# Is $\beta$ sometimes Bessel-corrected?

I was reading about $$\beta$$ in finance, and I found the formula pictured below on this website. Is the n-1 a typo or do some people actually define $$\beta$$ with a Bessel correction?

The formula is correct.

The general unbiased estimator for the variance-covariance matrix is with the Bessel correction.

When the data is known to be normally distributed, the MLE is with the $$n$$ at the denominator.

It seems that $$R_m$$ is assumed to be Normal, while $$(R_e, R_m)$$ clearly is not a bivariate Normal random variable (so the Bessel correction applies).

Beta can be defined in three equivalent ways:

1. OLS estimate $$\hat{\beta}_1$$ for the slope of the linear regression $$y_i=\beta_0 + \beta_1 x_i + \epsilon_i, \quad i \in \{1, 2, \ldots, N\}$$

2. using the expression $$\frac{\text{cov}[X,Y]}{\text{var}[X]}$$. This is equivalent to (1) for OLS.
The least squared estimate for $$\beta_1$$ is

$$\hat{\beta}_1=\frac{\sum_i x_i y_i - \frac{1}{N}\sum_i x_i \sum_j y_j}{\sum_i x_i^2-\frac{1}{N} \left(\sum_i x_i\right)^2} = \frac{\text{cov}[X,Y]}{\text{var}[X]}$$

1. Using the Pearson's correlation $$\rho=\frac{\text{cov}[X,Y]}{\sqrt{\text{var}[X]\text{var}[Y]}}$$

$$\hat{\beta}_1=\frac{\text{cov}[X,Y]}{\text{var}[X]}=\rho\frac{\sqrt{\text{var}[Y]}}{\sqrt{\text{var}[X]}}$$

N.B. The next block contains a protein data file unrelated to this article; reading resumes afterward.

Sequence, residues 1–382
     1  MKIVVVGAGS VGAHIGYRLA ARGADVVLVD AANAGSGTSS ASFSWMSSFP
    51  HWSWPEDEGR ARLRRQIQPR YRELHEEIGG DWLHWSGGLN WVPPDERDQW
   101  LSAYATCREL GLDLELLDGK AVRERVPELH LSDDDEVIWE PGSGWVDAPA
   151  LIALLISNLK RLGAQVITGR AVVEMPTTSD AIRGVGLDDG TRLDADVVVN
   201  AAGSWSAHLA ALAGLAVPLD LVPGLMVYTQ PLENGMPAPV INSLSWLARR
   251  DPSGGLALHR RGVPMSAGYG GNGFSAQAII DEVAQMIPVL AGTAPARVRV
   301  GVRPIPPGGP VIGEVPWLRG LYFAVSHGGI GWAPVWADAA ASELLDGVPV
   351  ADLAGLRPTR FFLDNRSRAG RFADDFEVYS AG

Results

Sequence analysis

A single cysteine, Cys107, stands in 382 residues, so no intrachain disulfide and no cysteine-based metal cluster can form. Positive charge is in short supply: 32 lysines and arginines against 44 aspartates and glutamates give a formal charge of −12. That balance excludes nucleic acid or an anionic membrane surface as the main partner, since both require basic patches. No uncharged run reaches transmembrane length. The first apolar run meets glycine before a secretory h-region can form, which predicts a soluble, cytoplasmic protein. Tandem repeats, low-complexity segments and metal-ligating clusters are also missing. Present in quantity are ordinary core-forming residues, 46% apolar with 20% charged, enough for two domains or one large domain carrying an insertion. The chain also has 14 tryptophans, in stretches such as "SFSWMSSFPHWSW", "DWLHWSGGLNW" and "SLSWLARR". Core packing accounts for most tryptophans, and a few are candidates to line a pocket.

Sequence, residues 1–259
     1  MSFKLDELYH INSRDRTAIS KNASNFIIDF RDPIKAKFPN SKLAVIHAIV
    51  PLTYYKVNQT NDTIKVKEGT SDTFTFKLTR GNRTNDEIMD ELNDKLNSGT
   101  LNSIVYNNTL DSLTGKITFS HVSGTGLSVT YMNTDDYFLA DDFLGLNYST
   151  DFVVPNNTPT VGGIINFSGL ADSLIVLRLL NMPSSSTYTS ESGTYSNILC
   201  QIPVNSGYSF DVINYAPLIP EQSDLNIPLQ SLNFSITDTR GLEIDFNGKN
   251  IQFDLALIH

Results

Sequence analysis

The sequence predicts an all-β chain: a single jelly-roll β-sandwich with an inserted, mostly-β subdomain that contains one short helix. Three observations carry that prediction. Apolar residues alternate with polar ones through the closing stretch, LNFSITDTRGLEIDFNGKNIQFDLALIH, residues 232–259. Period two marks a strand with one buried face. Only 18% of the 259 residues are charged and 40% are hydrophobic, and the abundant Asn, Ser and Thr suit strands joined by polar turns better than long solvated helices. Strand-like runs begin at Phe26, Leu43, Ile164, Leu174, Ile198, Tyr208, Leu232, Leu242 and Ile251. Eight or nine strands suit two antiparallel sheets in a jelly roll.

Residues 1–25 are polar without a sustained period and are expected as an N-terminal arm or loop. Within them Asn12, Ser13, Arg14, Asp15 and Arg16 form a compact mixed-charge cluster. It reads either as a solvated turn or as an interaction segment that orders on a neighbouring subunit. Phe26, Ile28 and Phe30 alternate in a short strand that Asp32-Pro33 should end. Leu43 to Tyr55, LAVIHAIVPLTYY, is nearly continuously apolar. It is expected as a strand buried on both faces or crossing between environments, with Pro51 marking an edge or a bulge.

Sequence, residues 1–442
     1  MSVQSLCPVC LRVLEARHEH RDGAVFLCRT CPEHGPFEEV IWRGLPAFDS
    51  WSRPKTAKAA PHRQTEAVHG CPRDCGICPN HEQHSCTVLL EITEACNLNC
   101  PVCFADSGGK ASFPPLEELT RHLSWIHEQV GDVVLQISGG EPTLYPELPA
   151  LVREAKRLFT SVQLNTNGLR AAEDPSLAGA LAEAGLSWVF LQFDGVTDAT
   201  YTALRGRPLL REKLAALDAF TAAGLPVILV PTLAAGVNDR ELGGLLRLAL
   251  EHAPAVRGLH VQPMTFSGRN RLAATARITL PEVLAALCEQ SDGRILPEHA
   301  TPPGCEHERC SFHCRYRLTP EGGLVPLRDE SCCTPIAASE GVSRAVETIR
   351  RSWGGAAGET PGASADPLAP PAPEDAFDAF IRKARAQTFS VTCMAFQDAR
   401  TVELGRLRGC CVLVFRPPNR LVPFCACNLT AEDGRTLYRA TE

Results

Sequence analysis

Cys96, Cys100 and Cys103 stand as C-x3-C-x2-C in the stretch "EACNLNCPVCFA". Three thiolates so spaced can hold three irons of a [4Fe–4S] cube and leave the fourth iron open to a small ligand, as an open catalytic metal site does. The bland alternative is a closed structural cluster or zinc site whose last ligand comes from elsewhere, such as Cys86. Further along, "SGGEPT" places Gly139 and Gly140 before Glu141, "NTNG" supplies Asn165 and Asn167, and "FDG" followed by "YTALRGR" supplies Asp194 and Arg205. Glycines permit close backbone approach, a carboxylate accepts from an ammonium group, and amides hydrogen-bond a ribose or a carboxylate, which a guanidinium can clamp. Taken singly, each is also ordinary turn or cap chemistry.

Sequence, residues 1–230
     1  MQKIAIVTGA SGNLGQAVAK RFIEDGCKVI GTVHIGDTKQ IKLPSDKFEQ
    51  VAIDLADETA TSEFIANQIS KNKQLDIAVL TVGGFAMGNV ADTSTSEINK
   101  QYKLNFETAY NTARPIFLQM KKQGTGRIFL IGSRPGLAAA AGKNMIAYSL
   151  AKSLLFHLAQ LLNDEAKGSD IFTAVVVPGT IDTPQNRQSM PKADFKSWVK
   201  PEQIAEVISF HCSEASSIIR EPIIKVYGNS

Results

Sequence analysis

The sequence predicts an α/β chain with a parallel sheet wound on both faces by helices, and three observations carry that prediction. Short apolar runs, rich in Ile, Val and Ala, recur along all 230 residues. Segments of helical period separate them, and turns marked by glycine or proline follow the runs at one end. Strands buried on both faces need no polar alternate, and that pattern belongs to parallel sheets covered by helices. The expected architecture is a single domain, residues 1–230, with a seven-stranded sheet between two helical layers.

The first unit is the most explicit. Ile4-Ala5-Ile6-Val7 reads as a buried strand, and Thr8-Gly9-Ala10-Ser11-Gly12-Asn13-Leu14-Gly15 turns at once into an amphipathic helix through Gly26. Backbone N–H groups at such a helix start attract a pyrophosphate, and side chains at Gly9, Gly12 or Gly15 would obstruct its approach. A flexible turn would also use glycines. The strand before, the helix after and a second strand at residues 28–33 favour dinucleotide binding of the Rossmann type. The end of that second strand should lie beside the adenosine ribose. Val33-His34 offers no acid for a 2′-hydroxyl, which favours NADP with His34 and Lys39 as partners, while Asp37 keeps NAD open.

• so the top is the unbiased estimator for the covariance and the bottom is an ML estimator for the variance of one of the variables. But why take the quotient? What does that represent? Also do you know for sure this (with n-1) is what finance people mean by $beta$? I thought beta was just supposed to be the result of a 1 dimensional regression which seems like it shouldn’t have the n-1 Aug 3, 2020 at 9:40
• “an* unbiased” & “the* MLE” Aug 3, 2020 at 9:47
• @Timkinsella yes, the beta formula is correct. There are 3 ways to define beta, one is this one, the other is the coefficient of the linear regression and the third one is based on the correlation wallstreetmojo.com/beta-formula Aug 3, 2020 at 10:12
• ah so three nonequivalent definitions? Aug 3, 2020 at 10:17
• OLS=ordinary least-squares en.wikipedia.org/wiki/Ordinary_least_squares It's the method that minimizes the squares of the differences between the observed and predicted dependent variables en.wikipedia.org/wiki/Ordinary_least_squares#Matrix/… Aug 3, 2020 at 11:08